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Federal fraud indictment: KU professor secretly worked for Chinese university

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White collar crime is a financially motivated crime done to obtain or avoid losing money, property, services, or to secure a personal or business advantage. Here's the most common types.
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White collar crime is a financially motivated crime done to obtain or avoid losing money, property, services, or to secure a personal or business advantage. Here's the most common types.

A University of Kansas associate professor on Wednesday was indicted on federal charges alleging he concealed he worked for a Chinese university while doing U.S. government-funded research.

Feng “Franklin” Tao, 47, of Lawrence, who taught chemical engineering and chemistry at KU’s Center for Environmentally Beneficial Catalysis, is charged with one count of wire fraud and three counts of program fraud.

If convicted, he faces up to 20 years in federal prison and a fine up to $250,000 on the wire fraud count, and up to 10 years and a fine up to $250,000 on each of the program fraud counts.

“Tao is alleged to have defrauded the US government by unlawfully receiving federal grant money at the same time that he was employed and paid by a Chinese research university — a fact that he hid from his university and federal agencies,” Assistant Attorney General John Demers said in a statement. “Any potential conflicts of commitment by a researcher must be disclosed as required by law and university policies.”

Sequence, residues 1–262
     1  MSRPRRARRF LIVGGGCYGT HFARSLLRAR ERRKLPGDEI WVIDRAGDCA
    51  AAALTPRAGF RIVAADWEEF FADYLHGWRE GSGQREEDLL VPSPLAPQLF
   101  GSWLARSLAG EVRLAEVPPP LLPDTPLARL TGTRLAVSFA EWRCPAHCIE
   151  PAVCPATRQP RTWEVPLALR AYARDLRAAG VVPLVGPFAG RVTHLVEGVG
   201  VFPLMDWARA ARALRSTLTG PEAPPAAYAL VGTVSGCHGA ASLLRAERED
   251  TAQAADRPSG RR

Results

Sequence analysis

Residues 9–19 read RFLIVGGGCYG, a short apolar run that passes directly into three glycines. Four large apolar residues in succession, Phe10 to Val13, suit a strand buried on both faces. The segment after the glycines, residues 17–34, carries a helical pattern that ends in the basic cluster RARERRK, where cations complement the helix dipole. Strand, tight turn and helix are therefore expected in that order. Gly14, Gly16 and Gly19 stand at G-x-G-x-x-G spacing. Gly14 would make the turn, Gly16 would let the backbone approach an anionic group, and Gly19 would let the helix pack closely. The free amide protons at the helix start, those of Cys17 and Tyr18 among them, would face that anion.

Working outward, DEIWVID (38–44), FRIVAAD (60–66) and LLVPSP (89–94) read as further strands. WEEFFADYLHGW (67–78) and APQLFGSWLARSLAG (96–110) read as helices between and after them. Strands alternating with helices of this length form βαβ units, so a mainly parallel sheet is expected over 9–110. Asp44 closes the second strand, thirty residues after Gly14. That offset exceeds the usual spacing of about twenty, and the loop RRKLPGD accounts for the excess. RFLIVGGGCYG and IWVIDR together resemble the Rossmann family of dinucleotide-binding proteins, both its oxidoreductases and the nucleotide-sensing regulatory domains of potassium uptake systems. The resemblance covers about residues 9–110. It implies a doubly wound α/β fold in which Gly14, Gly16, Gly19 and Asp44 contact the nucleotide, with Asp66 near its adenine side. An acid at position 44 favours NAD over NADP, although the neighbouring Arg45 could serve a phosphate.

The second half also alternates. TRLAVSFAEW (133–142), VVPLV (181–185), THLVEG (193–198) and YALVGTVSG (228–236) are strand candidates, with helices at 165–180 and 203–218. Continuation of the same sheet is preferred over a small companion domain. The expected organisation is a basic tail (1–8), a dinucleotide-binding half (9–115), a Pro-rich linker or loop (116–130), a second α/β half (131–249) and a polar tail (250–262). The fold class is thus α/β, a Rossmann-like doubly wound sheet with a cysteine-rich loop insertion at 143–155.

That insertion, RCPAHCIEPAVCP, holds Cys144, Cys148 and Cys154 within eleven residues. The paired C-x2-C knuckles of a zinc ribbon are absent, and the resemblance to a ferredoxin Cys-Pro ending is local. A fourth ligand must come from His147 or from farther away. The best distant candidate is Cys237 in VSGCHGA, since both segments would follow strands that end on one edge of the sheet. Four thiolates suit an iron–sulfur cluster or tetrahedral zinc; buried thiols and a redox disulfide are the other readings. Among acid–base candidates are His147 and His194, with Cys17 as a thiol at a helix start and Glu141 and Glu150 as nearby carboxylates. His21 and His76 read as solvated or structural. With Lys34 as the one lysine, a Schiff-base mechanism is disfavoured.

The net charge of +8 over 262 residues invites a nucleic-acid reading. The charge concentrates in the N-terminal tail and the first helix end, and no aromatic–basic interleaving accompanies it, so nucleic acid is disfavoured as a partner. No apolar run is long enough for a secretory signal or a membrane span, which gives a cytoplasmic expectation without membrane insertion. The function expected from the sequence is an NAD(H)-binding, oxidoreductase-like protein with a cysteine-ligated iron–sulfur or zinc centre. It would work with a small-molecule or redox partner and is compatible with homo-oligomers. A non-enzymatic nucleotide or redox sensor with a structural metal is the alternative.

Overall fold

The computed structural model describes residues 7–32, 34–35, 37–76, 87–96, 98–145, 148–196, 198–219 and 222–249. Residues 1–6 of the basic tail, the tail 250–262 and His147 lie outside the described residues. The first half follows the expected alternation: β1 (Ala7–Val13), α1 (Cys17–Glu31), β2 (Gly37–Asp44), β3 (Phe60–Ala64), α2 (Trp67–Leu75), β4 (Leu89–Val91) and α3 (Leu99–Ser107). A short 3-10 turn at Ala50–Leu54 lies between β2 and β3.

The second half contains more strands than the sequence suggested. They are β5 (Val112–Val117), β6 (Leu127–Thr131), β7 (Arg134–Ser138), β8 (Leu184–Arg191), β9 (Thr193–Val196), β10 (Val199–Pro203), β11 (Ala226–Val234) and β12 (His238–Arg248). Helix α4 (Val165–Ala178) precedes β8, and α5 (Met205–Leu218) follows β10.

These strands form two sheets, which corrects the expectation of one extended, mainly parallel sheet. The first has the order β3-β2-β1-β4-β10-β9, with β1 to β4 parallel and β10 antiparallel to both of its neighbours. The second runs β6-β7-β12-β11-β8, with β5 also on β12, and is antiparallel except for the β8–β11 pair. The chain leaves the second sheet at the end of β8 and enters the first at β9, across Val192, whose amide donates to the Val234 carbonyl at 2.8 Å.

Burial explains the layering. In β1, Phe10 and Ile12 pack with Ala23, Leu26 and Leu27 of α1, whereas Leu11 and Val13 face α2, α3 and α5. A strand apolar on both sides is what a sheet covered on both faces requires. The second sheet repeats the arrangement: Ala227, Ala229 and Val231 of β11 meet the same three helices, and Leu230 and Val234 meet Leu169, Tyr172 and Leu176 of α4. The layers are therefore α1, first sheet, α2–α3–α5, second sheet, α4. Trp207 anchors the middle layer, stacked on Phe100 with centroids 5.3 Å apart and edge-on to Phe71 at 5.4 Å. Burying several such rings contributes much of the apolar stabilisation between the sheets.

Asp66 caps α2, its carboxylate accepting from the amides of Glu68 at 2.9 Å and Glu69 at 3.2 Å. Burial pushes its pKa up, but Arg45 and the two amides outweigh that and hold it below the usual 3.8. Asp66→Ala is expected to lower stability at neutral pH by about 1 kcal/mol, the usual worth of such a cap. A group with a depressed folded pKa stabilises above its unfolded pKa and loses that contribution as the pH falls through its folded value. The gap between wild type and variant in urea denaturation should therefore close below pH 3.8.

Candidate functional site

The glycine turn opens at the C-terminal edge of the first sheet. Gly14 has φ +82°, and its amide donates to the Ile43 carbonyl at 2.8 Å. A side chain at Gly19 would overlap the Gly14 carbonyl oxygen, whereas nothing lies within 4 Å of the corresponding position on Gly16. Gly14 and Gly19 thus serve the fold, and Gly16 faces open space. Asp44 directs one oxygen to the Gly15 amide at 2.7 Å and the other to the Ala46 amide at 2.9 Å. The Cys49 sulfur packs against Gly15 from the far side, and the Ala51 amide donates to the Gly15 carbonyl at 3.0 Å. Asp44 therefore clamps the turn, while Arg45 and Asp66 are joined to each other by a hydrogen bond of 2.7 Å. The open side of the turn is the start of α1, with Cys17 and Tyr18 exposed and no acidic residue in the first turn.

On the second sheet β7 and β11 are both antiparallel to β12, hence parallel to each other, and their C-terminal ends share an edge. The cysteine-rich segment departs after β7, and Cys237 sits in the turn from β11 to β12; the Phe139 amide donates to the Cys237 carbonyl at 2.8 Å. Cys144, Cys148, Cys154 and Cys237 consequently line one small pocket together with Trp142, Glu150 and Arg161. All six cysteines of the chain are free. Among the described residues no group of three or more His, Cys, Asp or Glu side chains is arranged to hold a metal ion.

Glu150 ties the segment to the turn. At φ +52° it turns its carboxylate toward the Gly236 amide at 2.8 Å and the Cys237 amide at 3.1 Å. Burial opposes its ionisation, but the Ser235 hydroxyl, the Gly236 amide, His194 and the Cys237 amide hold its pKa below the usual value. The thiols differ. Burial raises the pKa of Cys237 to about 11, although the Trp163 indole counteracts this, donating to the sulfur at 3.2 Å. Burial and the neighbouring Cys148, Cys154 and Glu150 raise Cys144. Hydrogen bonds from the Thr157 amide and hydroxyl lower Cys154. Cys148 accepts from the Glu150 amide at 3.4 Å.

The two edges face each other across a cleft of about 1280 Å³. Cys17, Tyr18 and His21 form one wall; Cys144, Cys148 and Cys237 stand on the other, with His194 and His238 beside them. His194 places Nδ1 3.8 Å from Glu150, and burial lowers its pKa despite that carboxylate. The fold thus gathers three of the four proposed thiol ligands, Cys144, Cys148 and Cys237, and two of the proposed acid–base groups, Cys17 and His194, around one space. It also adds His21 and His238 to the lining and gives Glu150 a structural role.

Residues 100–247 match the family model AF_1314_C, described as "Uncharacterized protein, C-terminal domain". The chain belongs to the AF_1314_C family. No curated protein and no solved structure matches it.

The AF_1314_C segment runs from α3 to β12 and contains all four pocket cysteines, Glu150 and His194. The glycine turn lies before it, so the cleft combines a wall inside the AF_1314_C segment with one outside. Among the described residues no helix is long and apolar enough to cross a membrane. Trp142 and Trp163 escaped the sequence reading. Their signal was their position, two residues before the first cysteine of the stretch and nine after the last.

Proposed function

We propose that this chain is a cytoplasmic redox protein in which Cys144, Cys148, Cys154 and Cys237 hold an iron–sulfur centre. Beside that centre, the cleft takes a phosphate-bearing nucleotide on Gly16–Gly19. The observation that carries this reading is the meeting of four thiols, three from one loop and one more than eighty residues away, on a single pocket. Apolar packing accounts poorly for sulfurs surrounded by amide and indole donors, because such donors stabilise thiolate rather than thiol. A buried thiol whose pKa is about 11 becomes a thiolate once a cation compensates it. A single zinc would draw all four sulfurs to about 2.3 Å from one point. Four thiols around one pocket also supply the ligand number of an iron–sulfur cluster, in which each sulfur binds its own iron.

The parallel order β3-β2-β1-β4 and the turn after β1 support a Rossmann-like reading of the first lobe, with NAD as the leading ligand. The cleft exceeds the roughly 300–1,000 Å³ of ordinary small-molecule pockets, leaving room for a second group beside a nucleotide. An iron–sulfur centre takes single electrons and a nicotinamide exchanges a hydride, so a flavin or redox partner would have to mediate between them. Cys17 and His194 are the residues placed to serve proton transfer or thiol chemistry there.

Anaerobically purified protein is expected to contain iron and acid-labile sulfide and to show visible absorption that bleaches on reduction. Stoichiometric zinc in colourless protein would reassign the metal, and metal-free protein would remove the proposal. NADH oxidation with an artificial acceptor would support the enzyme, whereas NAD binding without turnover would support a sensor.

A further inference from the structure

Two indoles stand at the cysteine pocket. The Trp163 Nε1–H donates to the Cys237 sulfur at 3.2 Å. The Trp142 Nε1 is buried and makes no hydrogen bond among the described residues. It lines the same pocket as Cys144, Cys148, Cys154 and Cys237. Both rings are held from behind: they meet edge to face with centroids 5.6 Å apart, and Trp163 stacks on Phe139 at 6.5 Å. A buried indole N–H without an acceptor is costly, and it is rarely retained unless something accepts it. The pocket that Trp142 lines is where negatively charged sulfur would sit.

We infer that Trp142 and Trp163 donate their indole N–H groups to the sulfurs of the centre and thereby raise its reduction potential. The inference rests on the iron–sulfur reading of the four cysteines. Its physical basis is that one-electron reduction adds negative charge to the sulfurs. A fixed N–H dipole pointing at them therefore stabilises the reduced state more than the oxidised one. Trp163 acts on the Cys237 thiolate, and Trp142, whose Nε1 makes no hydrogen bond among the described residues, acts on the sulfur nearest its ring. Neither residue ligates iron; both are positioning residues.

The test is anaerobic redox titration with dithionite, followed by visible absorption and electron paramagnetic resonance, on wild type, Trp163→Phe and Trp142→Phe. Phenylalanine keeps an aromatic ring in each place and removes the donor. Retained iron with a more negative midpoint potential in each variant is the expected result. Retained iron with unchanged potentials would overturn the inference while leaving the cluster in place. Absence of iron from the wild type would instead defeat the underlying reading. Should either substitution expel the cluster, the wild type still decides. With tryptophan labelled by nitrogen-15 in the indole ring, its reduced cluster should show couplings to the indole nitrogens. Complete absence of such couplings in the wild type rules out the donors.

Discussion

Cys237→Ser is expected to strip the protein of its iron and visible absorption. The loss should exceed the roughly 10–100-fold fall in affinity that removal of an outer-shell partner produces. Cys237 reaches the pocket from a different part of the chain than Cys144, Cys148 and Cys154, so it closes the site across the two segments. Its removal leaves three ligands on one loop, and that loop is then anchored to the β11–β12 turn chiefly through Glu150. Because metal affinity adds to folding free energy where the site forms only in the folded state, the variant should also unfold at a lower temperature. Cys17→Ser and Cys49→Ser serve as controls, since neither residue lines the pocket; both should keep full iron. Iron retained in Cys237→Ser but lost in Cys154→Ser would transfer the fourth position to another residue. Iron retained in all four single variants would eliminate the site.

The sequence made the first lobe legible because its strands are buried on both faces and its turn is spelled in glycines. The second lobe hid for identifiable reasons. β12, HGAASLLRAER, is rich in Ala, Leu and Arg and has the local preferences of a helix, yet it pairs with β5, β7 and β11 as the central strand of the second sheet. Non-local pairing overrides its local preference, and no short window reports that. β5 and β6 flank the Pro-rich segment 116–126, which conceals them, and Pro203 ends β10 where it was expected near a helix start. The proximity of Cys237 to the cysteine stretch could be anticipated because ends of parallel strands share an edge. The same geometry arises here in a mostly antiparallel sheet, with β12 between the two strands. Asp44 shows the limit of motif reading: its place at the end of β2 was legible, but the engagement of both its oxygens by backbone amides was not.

The Kansas Board of Regents requires faculty and staff of its universities to file a conflict of interest report when they are hired and every year afterward for as long as they are employed.

According to court documents, Tao “knowingly and intentionally submitted to the University false statements concerning his lack of a conflict of interest.”

The indictment alleges that Tao “fraudulently received” more than $37,000 in salary paid for by the Department of Energy and the National Science Foundation.

“We take these allegations very seriously,” KU Chancellor Douglas A. Girod said in a statement. “We learned of this potential criminal activity this spring, and we reported it to authorities and have cooperated with the ongoing investigation.”

Smaller businesses are hit particularly hard when it comes to wire fraud.

He said Tao has been placed on paid administrative leave. Since the matter deals with personnel and is an ongoing criminal investigation, Girod said he could not share additional details. But he said, “We remain vigilant in our own internal efforts to maintain the integrity and security of our research, including the research we undertake on behalf of federal research granting agencies and, ultimately, U.S. taxpayers.”

In August 2014 Tao began work at the KU center, which researches sustainable technology to conserve natural resources and energy.

According to the federal indictment, in May 2018 Tao signed a five-year contract with Fuzhou University in China as a Changjiang Scholar Distinguished Professor and full-time employee.

During that same time Tao was conducting research at KU that was funded through two U.S. Department of Energy contracts and four National Science Foundation contracts, the indictment says.

Last year, a Chinese national who was a research professor at Kansas State University was arrested and sentenced to 10 years in federal prison for stealing valuable American rice seeds — a trade secret — that can be used to treat gastrointestinal disease, antibiotic-associated diarrhea, hepatic disease, osteoporosis and inflammatory bowel disease.

Weiqiang Zhang, who was living legally in the U.S. at the time of his arrest, had attempted to pass the rice seed to visiting researchers so they could take them back to China.

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Mará has written on all things education for The Star for 20 years, including issues of school safety, teen suicide, universal pre-K programs, college costs, campus protests and university branding.
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